Elastocaloric materials are known as shape memory alloys and have long been used in medical technology on account of their biocompatibility. The best-known shape memory alloy is known by the acronym Nitinol. With these pseudoelastic alloys, a strong shape deformation can be achieved by adding heat; when the heat source is removed, the metal returns to its original shape. This effect is absolutely reversible. The reverse effect, the so-called elastocaloric effect, is also possible: a change in shape results in transformative heat being exchanged with the environment. In our systems, we use this caloric effect through smart system integration. In future, such solid-state heat pumps and cooling systems could provide an environmentally friendly and efficient alternative to compressor technology.
How does an elastocaloric heat pump work?
When an elastocaloric material is exposed to a mechanical field of force, a crystalline phase transformation occurs, which causes the material to heat up. The heat generated is dissipated via a heat sink, so that the material cools down again to the initial temperature. Once the force field is removed, the crystalline order is reduced and the material cools down to a value below the initial temperature. It can now absorb thermal energy from the environment. Through the cyclical loading and unloading of the material and a corresponding heat supply and removal, a cyclical process can be created that can be used for heating as well as cooling.
Central innovation: a novel heat transfer concept
Fraunhofer IPM relies on a patented system concept for the construction of its elastocaloric systems that is based on rapid heat transfer using latent heat within a saturated steam atmosphere (heat pipe condition). By evaporating and condensing a fluid, heat is effectively transferred to the caloric material and then released again. This makes it possible to achieve thermal power densities that are an order of magnitude higher than in alternative system approaches.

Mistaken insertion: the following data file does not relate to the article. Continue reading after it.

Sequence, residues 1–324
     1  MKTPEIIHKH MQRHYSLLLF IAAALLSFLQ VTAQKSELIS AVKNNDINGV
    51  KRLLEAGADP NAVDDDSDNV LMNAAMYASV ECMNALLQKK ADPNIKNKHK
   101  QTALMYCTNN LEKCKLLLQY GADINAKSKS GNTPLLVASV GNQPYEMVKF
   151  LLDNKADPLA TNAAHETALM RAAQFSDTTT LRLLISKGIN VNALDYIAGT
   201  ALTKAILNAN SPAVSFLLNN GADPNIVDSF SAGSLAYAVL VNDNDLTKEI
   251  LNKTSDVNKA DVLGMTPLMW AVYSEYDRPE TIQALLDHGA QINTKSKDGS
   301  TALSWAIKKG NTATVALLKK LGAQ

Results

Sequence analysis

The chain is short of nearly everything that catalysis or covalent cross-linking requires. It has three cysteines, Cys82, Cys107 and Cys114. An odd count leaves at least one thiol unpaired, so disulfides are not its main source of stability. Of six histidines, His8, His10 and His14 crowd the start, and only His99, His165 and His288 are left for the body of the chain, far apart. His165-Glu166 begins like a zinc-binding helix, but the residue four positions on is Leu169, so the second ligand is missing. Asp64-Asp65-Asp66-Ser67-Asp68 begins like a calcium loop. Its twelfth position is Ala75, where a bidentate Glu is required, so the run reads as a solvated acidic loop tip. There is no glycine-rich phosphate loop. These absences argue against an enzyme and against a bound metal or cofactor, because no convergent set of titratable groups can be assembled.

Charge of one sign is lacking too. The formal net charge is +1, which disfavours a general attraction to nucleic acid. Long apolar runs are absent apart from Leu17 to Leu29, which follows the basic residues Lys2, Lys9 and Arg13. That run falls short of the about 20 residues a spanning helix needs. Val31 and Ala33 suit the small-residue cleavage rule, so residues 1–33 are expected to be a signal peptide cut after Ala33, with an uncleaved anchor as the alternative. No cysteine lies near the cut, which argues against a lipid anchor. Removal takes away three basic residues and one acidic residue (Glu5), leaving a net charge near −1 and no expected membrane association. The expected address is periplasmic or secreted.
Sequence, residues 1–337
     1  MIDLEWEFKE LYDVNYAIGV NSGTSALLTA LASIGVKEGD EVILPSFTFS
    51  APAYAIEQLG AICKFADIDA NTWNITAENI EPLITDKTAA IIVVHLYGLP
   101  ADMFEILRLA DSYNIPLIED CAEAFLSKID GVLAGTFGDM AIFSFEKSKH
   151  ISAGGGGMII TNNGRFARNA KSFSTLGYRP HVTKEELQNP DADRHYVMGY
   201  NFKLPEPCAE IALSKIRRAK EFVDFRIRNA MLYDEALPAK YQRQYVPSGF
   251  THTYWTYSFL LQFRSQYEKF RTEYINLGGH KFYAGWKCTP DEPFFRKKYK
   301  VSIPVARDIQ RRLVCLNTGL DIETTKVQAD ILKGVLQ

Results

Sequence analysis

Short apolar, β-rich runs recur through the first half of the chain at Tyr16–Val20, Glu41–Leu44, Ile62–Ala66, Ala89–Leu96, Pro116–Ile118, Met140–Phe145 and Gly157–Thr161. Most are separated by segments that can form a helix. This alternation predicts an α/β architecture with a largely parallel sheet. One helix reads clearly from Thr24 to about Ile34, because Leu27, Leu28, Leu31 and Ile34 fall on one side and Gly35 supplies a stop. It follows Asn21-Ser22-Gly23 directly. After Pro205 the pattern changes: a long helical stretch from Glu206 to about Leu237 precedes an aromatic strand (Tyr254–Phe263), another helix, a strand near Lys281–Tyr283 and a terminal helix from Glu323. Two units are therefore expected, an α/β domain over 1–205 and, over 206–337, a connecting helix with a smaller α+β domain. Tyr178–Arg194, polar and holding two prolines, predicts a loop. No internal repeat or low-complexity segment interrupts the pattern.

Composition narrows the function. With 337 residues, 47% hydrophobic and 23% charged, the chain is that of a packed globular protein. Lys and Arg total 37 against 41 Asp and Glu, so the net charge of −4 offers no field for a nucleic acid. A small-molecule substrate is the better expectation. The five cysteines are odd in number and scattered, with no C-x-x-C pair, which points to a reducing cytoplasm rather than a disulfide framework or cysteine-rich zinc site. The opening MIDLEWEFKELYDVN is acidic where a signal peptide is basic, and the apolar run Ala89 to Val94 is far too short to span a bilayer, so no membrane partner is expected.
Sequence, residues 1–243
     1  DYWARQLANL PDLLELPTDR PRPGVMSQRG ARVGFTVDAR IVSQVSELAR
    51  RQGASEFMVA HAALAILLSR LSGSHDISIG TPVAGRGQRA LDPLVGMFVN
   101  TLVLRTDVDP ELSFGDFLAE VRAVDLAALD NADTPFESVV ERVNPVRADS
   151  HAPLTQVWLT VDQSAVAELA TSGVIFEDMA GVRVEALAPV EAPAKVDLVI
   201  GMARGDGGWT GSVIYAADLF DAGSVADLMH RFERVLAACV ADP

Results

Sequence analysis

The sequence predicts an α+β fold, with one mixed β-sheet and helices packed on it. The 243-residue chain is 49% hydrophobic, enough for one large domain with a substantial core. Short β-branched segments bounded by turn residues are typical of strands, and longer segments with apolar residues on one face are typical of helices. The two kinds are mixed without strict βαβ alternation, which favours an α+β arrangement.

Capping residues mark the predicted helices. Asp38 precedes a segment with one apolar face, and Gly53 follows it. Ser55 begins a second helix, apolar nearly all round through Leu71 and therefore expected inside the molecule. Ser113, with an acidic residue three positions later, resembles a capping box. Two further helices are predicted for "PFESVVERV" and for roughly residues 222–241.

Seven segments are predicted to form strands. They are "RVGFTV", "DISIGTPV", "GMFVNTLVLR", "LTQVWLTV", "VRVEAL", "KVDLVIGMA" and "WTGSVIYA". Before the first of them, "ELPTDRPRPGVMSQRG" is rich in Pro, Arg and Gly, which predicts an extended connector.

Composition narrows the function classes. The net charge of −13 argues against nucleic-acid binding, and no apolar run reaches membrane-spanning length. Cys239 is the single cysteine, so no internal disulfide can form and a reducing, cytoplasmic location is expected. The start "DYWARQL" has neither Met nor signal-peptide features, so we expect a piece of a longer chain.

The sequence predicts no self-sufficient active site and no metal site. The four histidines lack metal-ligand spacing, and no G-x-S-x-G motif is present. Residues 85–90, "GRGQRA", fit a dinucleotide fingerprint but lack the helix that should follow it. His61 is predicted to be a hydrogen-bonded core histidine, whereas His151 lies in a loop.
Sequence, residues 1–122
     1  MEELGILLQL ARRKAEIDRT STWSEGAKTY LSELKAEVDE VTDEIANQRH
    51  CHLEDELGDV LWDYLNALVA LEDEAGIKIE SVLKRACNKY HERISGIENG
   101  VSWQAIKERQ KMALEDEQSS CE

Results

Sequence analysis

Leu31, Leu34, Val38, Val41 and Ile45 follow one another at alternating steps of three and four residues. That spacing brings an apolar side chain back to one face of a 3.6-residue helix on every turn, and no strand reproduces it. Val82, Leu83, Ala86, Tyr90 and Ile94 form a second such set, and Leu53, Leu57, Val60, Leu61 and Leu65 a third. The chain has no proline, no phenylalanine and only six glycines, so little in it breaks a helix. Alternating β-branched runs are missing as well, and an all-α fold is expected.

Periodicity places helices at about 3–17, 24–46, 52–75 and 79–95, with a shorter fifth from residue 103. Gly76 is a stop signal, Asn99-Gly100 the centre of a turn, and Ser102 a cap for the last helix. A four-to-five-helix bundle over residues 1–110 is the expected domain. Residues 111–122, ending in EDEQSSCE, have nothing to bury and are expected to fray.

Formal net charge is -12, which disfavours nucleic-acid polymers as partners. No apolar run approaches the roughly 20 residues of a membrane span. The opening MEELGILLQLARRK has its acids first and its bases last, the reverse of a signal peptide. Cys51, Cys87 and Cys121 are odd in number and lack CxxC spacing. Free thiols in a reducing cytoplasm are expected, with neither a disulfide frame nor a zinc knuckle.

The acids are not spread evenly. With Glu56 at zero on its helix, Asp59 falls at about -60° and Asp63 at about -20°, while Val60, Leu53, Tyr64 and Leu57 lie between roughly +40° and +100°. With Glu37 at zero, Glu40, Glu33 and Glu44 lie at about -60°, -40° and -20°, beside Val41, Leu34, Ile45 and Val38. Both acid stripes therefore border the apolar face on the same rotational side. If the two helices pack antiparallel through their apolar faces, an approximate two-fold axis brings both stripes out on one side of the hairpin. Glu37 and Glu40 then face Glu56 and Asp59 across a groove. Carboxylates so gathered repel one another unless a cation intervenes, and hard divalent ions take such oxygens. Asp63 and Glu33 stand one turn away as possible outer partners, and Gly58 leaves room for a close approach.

In future, this will make it possible to realize cost-effective systems that require less installation space.
In particular, Fraunhofer IPM is working on:
- Development and construction of measurement setups for direct measurement of the elastocaloric effect, material efficiency as well as fatigue strength
- Simulation of elastocaloric materials and systems
- Development, construction and characterization of elastocaloric heating and cooling systems
We support industrial companies in the conceptual design and development of caloric systems – all the way to the construction of finished systems for specific applications. We draw on many years of technological experience, established supplier contacts and the capacity of our highly specialized workshops and laboratories.